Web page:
Boards from contractors

Many manufacturers of electronic devices purchase their circuit boards from companies that specialize in PCB manufacturing; often contracting with multiple suppliers to produce the same board. Powering up and checking these boards with a thermal imager before a production run can help ensure all purchased boards function properly and that quality is consistent from unit to unit and from supplier to supplier. Such screening can be especially important before the first production run of a new device, when the purchased PCBs also represent the first production run for the supplier(s).

Boards in production

One traditional quality assurance (QA) strategy—especially in companies where manufacturing tolerances are tightly controlled and defects minimal—is to test every nth product off the line; or in the case of circuit boards, to test every nth board to be installed. Alternatively, QA inspectors might check circuit boards randomly. Whichever strategy a company employs, a thermal imager can play a significant role.

Selecting an imager

Electronic devices are becoming more compact every day, and that means that the boards and components in these devices are also getting smaller. Because of this trend and because engineers may need to determine the temperature of something as small as, say, a pin on a component, an IR camera’s spatial resolution and thermal sensitivity are important factors in choosing an imager for this kind of work. The spatial resolution of a thermal imager is called its instantaneous field of view (IFOV) and is measured in milliradians (mrad)—e.g., 1.30mrad. In essence, a thermal imager’s IFOV describes the smallest object one can observe. Regarding thermal sensitivity, today’s PCB designers have available to them thermal imagers with thermal sensitivities ? 0.05C at 30C (or better). Using a thermal imager with good spatial resolution and thermal sensitivity, a technician can view and compare the temperatures of small, irregularly shaped objects. This makes it possible to pinpoint small temperature differences between very small areas on PCBs. Additionally, a feature of Fluke thermal imagers, IRFusion™, further enhances the usefulness of thermography in pcb applications.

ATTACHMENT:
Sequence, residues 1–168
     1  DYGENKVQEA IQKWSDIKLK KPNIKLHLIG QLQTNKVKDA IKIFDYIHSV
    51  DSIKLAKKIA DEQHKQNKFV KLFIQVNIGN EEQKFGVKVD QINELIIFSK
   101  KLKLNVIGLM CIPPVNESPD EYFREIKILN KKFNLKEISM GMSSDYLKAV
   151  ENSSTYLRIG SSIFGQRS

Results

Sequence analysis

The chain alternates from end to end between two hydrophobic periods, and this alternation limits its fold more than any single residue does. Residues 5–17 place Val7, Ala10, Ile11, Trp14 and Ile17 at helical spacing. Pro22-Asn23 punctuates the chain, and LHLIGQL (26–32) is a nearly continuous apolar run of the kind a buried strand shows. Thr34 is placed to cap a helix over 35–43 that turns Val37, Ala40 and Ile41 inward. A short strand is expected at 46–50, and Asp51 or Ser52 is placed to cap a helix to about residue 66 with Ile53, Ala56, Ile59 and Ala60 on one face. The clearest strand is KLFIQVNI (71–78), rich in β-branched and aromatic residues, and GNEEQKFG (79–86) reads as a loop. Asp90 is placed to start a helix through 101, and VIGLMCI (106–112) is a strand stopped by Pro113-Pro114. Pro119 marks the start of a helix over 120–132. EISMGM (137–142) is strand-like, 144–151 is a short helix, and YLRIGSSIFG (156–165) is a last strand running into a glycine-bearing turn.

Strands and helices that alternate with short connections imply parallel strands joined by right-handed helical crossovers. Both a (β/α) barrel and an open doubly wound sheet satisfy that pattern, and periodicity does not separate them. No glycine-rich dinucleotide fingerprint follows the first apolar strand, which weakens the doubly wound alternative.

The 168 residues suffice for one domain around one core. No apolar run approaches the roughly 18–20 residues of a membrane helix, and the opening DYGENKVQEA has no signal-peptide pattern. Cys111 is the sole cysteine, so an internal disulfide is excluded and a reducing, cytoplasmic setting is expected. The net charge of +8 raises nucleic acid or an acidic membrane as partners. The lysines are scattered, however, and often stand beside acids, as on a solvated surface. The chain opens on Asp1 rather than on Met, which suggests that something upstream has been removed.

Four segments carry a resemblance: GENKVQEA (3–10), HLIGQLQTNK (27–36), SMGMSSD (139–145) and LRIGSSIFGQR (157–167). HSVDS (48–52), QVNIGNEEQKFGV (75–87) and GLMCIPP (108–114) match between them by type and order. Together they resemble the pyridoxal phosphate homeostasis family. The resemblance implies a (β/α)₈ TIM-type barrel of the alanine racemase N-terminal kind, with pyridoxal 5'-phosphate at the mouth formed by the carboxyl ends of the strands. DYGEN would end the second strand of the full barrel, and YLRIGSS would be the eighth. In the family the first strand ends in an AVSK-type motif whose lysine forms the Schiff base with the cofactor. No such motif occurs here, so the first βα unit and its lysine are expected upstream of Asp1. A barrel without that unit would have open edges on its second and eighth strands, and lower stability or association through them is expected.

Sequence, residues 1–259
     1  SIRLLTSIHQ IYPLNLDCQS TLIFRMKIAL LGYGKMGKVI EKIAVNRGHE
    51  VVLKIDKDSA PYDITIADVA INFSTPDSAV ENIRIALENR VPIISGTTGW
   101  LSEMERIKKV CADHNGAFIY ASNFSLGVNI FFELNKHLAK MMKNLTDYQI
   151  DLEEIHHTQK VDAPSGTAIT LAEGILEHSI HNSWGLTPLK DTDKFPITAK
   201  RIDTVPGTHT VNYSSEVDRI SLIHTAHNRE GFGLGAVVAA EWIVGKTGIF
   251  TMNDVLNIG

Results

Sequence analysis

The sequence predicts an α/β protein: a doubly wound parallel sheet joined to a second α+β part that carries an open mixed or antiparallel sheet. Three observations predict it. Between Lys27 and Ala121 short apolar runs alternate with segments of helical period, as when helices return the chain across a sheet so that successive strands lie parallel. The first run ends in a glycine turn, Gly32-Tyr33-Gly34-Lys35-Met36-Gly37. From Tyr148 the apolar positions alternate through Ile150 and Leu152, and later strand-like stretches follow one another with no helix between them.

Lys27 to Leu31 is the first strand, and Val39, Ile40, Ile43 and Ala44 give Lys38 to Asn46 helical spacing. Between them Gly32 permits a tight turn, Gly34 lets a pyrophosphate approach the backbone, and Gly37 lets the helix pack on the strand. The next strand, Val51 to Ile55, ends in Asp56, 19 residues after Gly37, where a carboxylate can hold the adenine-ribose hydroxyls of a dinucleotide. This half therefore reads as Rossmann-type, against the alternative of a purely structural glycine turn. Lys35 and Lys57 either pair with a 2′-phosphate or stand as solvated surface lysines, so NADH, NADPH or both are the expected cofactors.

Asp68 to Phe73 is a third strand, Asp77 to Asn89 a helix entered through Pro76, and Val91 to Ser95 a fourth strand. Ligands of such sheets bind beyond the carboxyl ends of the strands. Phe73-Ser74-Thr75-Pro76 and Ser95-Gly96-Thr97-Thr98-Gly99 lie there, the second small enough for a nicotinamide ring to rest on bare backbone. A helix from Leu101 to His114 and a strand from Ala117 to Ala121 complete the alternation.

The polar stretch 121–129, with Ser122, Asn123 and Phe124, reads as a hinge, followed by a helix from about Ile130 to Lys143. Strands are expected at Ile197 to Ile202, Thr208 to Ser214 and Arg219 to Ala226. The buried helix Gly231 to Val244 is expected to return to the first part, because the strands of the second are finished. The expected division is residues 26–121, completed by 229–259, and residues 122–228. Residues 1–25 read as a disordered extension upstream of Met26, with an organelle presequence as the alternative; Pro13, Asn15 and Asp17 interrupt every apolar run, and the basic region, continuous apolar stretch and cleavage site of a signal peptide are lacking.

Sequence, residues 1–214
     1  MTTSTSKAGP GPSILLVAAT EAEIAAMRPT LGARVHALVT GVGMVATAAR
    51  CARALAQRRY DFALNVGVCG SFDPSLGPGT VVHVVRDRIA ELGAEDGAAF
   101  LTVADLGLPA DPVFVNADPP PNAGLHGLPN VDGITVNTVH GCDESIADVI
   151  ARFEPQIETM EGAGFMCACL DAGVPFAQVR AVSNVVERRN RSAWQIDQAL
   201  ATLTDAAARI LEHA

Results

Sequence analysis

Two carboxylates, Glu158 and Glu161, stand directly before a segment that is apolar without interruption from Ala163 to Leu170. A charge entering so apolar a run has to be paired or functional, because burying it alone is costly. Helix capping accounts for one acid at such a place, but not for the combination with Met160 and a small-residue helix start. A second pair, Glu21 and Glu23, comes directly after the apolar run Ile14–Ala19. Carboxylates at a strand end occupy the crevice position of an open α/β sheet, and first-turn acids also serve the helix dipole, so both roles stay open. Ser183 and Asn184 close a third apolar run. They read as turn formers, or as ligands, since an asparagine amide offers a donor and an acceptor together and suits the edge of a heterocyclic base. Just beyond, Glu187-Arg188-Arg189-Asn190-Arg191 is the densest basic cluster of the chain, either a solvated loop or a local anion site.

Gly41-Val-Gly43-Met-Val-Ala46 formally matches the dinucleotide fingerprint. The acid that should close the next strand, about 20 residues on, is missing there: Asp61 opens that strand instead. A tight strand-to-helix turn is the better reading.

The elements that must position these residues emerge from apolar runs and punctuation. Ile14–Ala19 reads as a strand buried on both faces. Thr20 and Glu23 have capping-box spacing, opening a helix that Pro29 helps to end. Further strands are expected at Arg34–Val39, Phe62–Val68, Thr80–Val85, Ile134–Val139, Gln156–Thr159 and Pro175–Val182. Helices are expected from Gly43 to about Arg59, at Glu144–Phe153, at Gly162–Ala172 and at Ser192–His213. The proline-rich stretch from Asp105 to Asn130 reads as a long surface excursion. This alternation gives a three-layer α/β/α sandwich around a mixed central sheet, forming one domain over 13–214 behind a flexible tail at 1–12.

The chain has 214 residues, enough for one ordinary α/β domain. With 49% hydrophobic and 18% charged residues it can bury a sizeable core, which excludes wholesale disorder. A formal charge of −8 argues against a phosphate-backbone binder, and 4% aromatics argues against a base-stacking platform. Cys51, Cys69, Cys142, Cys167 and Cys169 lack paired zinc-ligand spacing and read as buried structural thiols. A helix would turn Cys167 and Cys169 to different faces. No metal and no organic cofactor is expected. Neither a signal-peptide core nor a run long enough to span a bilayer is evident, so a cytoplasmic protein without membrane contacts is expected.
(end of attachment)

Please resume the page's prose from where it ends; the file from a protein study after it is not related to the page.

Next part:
What to look for?

Whether one uses a thermal imager to scan pcbs for R&D, pre-production tests or quality assurance, there are various kinds of problems that will manifest themselves as hot spots on a thermal image. Typical PCB problems discovered by thermography are improper soldering of circuitry or components, broken or undersized traces between components, power fluctuations due to lifted leads, missing components, reversed polarity of components, bent pins and incorrect component placements. This long list of potential pcb problems detectable using thermography precludes a detailed discussion of all of them. Let’s instead look at some examples of how thermography has been used to support the design and manufacturing of printed circuit boards: